Absolutely no evidence exists to support the proposition that paying bail increases the chances of a person appearing at a hearing. Those who can’t pay are typically forced to remain behind bars. Keeping people in jail simply because they can’t pay bail not only unnecessarily disrupts these individuals lives—it’s antithetical to the foundation of our justice system. It’s easy to forget that these people have not yet been found guilty. The current system disregards the basic principle of justice that people are innocent until proven guilty and flips it on its head.
Holding these people in jails costs taxpayers $13.6 billion every year, wasting billions of dollars to house individuals who have not been convicted of a crime. In the event that the person is found innocent, there is no assurance they will be reimbursed for their bail money. If they were unable to pay bail and kept in prison for a short time before trial, they are likely to run into problems with housing and employment. Many employers are unable or unwilling to retain an employee who cannot work for an extended period of time. This forces the individual into financial problems, affecting mortgage or rent payments, as well as daily family expenses. All the while, these individuals are presumed innocent, and if they are released, they return to a life that has been destroyed, now characterized by financial instability and psychological problems.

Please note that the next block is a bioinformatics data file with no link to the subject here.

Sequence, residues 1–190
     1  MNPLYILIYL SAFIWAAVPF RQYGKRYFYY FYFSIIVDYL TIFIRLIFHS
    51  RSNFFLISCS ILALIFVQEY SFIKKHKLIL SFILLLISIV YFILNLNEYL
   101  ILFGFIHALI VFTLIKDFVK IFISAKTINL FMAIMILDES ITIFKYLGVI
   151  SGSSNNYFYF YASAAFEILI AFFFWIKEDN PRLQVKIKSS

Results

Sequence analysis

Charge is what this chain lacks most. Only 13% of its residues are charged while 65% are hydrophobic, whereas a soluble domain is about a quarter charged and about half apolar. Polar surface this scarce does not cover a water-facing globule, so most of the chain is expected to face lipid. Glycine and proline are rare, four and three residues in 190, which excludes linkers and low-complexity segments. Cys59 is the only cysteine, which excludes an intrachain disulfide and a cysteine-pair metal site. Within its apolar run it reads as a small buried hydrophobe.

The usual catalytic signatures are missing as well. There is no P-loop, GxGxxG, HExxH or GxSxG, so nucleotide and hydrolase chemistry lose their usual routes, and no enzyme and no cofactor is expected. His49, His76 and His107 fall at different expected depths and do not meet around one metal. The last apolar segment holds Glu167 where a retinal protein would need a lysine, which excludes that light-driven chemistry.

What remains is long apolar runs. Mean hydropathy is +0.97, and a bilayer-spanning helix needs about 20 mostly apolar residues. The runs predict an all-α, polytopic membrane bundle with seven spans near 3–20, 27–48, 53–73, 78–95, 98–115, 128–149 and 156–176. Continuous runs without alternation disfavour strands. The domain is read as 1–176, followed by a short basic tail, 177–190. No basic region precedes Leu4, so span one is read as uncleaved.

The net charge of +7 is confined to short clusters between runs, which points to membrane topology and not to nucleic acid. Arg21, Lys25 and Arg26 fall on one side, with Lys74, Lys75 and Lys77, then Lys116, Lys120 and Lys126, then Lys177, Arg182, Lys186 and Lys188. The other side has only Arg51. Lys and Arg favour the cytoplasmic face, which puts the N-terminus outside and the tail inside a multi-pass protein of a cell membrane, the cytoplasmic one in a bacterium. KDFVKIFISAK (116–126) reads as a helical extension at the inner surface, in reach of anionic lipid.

This system destroys the lives of people who may or may not be guilty. Even for those that are guilty, a punishment that destroys a livelihood will not result in a responsible life, but one of irrational actions. The current bail system is detrimental to many Americans and desperately needs to be reformed.